MANILA -- Inflation held below the government's target range for the third straight month in October, giving monetary authorities space to cut borrowing costs further.
The consumer price index rose 0.8 percent in October, compared to 0.9 percent in September and the Bangko Sentral ng Pilipinas' 2 to 4 percent target. The BSP's think tank gave a 0.5 percent to 1.3 percent forecast for October.
Inflation will remain "benign" due to relatively good weather conditions and government's efforts to address the drivers of record inflation in 2018, said ING economist Nicholas Mapa.
However, inflation could pick up to 2 to 2.3 percent next year, with oil prices and shifting demand due to African swine fever as possible drivers, said BDO Unibank chief market strategist Jonathan Ravelas.
The effects of a high base compared to the previous year will also ease starting in November, Ravelas said. October inflation at 0.8 percent was computed based on the 6.7-percent base recorded during the same month in 2018.
Prices of chicken and beef started to increase, especially in swine-fever-stricken areas such as Central Luzon and Metro Manila, National Statistician Claire Dennis Mapa said.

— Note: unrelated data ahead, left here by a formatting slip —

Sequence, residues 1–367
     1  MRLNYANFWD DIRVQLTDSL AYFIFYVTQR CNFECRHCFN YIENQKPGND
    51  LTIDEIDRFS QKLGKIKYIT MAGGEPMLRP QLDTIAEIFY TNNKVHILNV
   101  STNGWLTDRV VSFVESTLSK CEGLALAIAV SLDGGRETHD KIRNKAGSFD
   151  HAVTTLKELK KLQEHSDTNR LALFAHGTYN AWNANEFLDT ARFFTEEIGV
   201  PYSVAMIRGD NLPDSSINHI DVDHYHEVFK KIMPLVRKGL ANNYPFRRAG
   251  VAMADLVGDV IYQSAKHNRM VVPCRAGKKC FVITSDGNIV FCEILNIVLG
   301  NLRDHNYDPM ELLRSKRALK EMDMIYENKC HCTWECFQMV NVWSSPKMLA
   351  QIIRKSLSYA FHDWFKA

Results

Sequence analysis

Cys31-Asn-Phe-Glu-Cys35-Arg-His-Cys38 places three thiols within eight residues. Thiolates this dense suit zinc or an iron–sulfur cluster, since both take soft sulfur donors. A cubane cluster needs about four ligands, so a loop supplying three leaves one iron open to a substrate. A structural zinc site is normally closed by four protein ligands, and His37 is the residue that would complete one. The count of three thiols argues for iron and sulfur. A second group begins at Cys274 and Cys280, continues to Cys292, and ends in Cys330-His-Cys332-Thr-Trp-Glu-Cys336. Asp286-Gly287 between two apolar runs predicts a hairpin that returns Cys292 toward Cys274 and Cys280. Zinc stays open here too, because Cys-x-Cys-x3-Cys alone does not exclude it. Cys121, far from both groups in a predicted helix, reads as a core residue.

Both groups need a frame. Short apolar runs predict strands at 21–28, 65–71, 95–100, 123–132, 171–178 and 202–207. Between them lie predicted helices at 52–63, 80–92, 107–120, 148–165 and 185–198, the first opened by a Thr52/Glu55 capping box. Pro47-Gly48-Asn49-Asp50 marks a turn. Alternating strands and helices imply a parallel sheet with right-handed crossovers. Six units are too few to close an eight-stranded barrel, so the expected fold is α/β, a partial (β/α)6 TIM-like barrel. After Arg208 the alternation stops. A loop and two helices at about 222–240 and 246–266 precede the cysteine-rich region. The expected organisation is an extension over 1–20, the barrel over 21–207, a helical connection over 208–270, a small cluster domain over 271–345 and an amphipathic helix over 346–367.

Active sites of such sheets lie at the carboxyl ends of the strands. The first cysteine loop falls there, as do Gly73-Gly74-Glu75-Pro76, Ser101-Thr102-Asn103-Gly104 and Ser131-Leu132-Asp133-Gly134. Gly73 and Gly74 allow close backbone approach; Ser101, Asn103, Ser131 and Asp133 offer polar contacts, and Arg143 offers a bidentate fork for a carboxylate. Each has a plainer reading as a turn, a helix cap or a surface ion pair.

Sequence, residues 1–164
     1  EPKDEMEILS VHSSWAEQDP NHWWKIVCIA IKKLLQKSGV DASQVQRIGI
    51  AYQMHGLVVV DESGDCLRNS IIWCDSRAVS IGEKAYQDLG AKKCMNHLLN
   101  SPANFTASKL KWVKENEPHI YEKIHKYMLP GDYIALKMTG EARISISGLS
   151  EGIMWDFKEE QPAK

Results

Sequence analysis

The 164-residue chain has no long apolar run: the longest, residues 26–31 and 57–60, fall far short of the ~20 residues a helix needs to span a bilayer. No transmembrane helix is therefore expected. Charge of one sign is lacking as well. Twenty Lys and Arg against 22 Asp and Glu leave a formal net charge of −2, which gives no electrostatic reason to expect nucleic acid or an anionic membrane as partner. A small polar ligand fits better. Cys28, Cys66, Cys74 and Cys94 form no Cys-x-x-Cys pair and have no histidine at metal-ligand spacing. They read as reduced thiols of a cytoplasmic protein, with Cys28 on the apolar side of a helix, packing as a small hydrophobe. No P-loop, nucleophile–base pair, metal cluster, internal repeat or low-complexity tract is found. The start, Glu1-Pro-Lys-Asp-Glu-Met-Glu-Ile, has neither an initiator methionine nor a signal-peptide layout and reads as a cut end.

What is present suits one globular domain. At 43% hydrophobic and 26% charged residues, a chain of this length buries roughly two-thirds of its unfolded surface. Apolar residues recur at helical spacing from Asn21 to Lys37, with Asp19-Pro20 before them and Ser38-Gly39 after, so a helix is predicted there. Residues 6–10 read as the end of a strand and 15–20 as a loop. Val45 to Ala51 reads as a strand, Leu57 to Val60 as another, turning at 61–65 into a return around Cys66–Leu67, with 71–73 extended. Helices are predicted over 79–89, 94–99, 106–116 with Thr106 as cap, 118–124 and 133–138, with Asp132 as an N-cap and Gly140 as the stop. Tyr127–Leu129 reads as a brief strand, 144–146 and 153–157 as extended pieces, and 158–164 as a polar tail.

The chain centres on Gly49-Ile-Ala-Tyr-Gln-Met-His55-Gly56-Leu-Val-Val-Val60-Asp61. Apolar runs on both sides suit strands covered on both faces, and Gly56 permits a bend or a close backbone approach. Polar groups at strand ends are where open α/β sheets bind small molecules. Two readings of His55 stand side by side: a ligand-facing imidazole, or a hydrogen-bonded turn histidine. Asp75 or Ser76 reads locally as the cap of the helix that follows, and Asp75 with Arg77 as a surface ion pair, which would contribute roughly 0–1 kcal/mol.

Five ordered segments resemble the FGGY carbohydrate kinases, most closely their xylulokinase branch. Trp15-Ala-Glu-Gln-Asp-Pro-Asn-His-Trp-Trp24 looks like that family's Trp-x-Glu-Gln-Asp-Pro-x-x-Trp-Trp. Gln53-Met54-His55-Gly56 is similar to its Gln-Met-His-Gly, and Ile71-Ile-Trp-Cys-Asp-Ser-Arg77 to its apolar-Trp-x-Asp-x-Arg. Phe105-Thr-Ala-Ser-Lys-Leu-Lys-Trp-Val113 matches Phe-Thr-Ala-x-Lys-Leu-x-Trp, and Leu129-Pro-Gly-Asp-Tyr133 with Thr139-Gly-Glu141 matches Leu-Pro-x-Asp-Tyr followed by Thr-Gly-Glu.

“We were seeing that it will continue because initial data in November is still seeing upward prices particularly for chicken,” Mapa said.
Governor Benjamin Diokno of the Bangko Sentral said Monday there would be no more cuts in the benchmark interest rate and the reserve requirement ratio or RRR for banks for the rest of 2019.
Diokno had cut the overnight borrowing rate thrice this year, for a total 75 basis points, bringing it to 4 percent. He also brought the RRR down to 14 percent, with the aim of bringing it to "single digit" by 2023.
Mapa said monetary policy easing could resume in 2020 to help the domestic economy weather the global slowdown. ING Bank forecasts another 50-basis point cut in the first quarter, he said.
Diokno earlier said that an outbreak of African swine fever, which hurt pork sales, would have minimal impact on inflation.
Inflation returned to target this year largely due to the implementation of a tariff-based regime to manage rice imports in place of quotas, which pushed down the price of the staple grain.